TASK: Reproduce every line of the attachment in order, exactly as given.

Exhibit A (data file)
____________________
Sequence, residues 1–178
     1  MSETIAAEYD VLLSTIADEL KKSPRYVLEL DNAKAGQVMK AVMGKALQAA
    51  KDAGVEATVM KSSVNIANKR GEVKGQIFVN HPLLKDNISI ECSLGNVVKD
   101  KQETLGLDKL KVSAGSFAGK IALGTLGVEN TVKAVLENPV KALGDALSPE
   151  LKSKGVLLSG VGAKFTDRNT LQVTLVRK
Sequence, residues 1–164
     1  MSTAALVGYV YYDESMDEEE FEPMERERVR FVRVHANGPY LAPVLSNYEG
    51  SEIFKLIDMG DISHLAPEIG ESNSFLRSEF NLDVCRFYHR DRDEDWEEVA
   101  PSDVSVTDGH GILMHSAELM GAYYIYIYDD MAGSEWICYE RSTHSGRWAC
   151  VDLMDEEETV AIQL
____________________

Sequence, residues 1–178
     1  MSETIAAEYD VLLSTIADEL KKSPRYVLEL DNAKAGQVMK AVMGKALQAA
    51  KDAGVEATVM KSSVNIANKR GEVKGQIFVN HPLLKDNISI ECSLGNVVKD
   101  KQETLGLDKL KVSAGSFAGK IALGTLGVEN TVKAVLENPV KALGDALSPE
   151  LKSKGVLLSG VGAKFTDRNT LQVTLVRK
Sequence, residues 1–164
     1  MSTAALVGYV YYDESMDEEE FEPMERERVR FVRVHANGPY LAPVLSNYEG
    51  SEIFKLIDMG DISHLAPEIG ESNSFLRSEF NLDVCRFYHR DRDEDWEEVA
   101  PSDVSVTDGH GILMHSAELM GAYYIYIYDD MAGSEWICYE RSTHSGRWAC
   151  VDLMDEEETV AIQL